Ottery Hospital campaigners blast officials for ‘incomplete’ information

Protestors at Ottery Hospital

Protestors at Ottery Hospital - Credit: Archant

Campaigners fighting to save Ottery’s hospital beds have blasted officials for providing them with ‘incomplete’ and ‘partisan’ information.

Health bosses had promised to give a recently formed ‘stakeholder group’ up-to-date costings for proposals – which include the closure of Ottery’s inpatient beds and minor injuries unit (MIU).

But, following its first official meeting on Monday, members of the new ‘reference group’ expressed concerns about a lack of fresh information provided by the Northern, Eastern and Western Devon Clinical Commissioning Group (CCG).

The panel has representatives from five East Devon towns and is able to put forward and debate alternatives to the proposed cuts.

Town councillor Martin Thurgood has now joined the group on behalf of Ottery Hospital, along with Councillor Claire Wright and chairman of the facility’s league of friends, Adrian Rutter.

Cllr Thurgood said: “Monday’s stakeholder meeting considered financial questions.

“I have to say that I was most concerned about the little fresh information that was put before us, by the way it was presented and its doubtful accuracy. It was highly partisan, incomplete and far from helpful.”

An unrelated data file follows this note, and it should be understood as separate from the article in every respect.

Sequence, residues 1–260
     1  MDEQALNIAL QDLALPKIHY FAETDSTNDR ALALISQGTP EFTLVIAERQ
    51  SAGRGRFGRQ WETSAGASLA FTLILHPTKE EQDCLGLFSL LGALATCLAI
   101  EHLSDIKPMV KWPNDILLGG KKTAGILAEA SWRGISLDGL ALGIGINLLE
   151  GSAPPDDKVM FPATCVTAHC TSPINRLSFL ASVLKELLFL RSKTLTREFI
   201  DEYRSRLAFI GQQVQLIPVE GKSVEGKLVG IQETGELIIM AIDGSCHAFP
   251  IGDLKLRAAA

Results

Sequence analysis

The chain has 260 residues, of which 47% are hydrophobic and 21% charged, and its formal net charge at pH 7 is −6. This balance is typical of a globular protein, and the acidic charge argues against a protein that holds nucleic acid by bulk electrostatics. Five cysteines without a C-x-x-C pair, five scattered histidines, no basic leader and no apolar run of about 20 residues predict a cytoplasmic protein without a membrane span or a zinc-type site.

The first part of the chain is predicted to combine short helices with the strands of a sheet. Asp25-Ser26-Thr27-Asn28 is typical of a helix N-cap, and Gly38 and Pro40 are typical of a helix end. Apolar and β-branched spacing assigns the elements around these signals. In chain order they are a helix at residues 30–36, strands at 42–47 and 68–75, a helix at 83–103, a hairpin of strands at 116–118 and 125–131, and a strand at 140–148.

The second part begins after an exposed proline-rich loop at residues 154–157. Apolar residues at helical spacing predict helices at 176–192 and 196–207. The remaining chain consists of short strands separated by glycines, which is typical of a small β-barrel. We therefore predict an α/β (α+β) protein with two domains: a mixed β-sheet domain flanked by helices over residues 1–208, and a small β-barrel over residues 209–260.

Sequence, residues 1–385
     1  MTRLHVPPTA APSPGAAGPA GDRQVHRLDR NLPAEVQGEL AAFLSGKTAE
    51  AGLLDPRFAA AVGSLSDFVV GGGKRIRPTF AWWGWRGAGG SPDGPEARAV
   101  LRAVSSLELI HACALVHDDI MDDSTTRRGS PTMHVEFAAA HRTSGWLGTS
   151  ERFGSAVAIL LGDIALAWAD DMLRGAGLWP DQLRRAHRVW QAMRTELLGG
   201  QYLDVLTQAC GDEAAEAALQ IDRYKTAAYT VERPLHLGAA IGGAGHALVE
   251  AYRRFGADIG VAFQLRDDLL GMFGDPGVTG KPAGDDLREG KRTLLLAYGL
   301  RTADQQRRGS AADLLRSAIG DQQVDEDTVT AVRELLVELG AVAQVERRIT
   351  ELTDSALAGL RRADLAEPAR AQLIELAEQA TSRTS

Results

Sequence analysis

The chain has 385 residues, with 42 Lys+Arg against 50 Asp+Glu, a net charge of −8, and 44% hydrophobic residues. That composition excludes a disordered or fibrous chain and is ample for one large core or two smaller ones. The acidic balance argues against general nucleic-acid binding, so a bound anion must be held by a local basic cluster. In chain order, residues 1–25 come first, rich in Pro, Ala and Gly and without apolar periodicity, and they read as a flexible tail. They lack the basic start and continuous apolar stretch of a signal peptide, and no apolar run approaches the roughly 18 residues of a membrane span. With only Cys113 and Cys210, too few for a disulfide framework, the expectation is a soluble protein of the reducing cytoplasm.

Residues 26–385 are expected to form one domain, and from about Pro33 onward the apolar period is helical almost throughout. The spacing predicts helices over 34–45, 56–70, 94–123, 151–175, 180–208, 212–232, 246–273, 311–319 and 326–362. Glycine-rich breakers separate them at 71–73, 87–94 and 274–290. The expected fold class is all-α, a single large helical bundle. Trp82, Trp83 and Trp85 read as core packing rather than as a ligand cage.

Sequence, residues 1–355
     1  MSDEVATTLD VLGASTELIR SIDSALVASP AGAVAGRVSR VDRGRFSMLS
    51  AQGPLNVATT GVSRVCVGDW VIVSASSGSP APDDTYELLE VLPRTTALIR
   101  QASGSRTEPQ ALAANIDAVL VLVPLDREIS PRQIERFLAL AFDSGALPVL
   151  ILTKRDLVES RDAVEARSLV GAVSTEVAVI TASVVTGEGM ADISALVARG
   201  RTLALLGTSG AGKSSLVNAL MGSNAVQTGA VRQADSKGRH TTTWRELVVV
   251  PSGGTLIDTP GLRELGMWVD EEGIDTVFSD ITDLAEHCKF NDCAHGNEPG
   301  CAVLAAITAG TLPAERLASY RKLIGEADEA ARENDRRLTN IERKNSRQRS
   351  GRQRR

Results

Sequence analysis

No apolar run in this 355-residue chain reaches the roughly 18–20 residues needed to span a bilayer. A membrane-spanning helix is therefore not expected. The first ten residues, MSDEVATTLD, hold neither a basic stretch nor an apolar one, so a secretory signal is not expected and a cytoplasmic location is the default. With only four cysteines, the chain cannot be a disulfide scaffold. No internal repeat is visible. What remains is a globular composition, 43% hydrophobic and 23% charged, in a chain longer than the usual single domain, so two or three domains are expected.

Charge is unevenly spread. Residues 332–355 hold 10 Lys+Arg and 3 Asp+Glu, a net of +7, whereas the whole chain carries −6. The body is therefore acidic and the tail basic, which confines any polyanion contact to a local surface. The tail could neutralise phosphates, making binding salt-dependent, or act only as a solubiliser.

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The CCG maintains that keeping the status quo is not financially viable, but campaigners say its figures do not add up.

Cllr Wright said: “I remain completely unconvinced that the plans to remove all the beds and minor injuries unit at Ottery Hospital will save money. I have asked repeatedly what will be the cost of any alternative service at the hospital and this information has not been provided.

“What we do know is that GPs in North and East Devon have indicated that bed losses at Torrington and Budleigh Salterton have had a cost neutral effect.”

The CCG extended its consultation process to February 24, and decision-makers have said they will consider alternatives to closures – which could include an integrated approach to healthcare provision.

Cllr Thurgood added: “We were asked to accept that a bed at the Royal Devon and Exeter Hospital was cheaper than a bed in a community hospital. I know of no five-star city centre hotel that charges less than a two-star country town hotel, and the same must surely apply to hospital beds. I think everyone will find the CCG’s figures impossible to accept.”

A CCG spokesperson stressed no decision has been made yet, and said: “The feedback we are given by the local community is vital as we consider how community services should look in the future to best meet the needs of the population.”

The CCG also came under fire from members of the public at an Ottery Town Council meeting on Monday.

Iain Mackintosh said: “The CCG went about it the wrong way - they came to a decision and then opened up the consultation.”